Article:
Demoralized sales force is another common problem. Sales people are great at selling, and performing damage repair can be demoralizing to anybody. It is hard to be upbeat on a sales call if you had to fix problems earlier in the day. Then you may just feel that you are creating the next problem that needs to be fixed.
Persistent fulfillment problems can eventually force top sales performers leave. This, again, can have disastrous impact on the company and can become a strategic problem. Companies using low-cost fulfillment providers need to watch for this problem and calculate the real cost of any fulfillment error.
Avoid high error rates
A 1% error rate may seem high. However, the standard industry picking error rate is exactly that – 1%. For example, many online retailers are running up to 30% returns. Of course, only few of the returns are due to fulfillment problems. Most of the returns are probably due to problems with size, color or style. However, with the right vendor-partner, an online retailer can provide real-time analysis of returns causes, make changes on their e-commerce site and avoid the costly returns. Here are three scenarios that illustrate how three fictitious businesses can benefit from choosing an experienced vendor. (For specific information and calculations, see the sidebar.)
Scenario No. 1: Errors Can Eat Profits
Great Gadgets is selling gadgets for $60 direct to the consumer, marketing online. Let’s assume a profit margin of 17% corresponding to $10.20 per gadget sold. Let’s further assume that the company is shipping 10,000 units per month with one unit per order.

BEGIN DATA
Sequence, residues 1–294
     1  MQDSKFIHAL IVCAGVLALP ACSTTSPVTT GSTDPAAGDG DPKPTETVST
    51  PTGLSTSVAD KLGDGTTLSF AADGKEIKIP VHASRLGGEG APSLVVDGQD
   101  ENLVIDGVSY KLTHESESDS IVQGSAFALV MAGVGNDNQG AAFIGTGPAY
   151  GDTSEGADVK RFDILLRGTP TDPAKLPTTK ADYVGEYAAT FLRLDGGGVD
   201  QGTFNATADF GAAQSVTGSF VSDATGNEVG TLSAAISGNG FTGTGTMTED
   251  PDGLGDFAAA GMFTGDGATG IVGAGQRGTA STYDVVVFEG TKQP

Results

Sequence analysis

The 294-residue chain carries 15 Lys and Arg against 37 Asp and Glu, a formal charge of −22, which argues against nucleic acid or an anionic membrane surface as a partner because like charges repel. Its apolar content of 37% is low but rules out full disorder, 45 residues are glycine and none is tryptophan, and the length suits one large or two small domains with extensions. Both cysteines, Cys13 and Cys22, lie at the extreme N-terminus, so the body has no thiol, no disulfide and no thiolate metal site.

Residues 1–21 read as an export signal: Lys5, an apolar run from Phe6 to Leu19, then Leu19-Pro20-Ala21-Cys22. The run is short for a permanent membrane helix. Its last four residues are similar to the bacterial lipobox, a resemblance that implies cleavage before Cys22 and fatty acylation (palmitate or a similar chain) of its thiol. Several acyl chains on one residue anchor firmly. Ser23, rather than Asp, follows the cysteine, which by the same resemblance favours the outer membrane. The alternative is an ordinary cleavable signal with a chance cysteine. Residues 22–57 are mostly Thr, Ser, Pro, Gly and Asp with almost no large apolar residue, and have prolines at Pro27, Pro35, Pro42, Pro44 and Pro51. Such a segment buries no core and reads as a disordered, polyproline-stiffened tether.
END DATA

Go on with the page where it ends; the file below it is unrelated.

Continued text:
Errors in fulfillment are costly. In fact, if Great Gadgets is selecting a vendor that has even 1% error rate in fulfillment, their profit decreases by 7%. (See assumption on spreadsheet below). And if we assume a loss in customer loyalty, the profit can decrease by 13%. If the pick, pack, processing error rate goes up, so does the lost profitability. With a 7-8% error rate, the company will get into a loss situation.
If Great Gadgets chose a different fulfillment company, they can pay $0.70 more for each order being processed at a fulfillment company with 1% less error rate.
Scenario No. 2: Misshipments Equal Lost Time and Unhappy Customers
Let’s review the same error rate, but with shipping the product for a major company, Big System Software, where the sales or technical rep is onsite to supervise the installation.
Let’s again assume a 1% error rate in shipping. Because the installer lost a day, travel time, and travel expenses, assume that $5,000 is lost because of a misshipment. Including replacement shipping, Big Systems Software could spend $52.50 more per order and break even. In addition, there may be a significant loss of customer loyalty since the installation may be important for the IT department.
The same cost calculation should have been made with a misshipment for a retailer where a sales visit may not be necessary but the retailer initiates a chargeback and the accounts receivables staff must spend time on documentation.
Scenario No. 3: Returns Can Affect The Bottom Line
Heavy Stuff ships heavy packages. The freight cost outbound and back are significant. Let’s review the same 1% error rate in shipping. With a cost of $540 to process a return, expedite new product out to the customer, and testing and potentially scrapping returned product, it takes five new perfect orders to make up the lost profit on the misshipped order. Heavy Stuff can pay $5.40 more per order if they can avoid the 1% error rate.
As this white paper has illustrated, shipping errors are expensive. Simple shipping errors can impact an entire organization, cause customer relationship and even cash flow problems. Avoid this by choosing a vendor who has the right systems in place to help achieve a company’s fulfillment and shipping goals and needs.
About the Author:
Hannah Kain is CEO and founder of ALOM. Kain has extensive experience in the packaging industry. She has three university degrees, has won numerous awards, including ABWA, NAWBO and Women’s Fund, and has been featured in books and articles, including “CEO Chronicles” and “Women Who Paved the Way.”
Sidebar #1: The Costs of Shipping Errors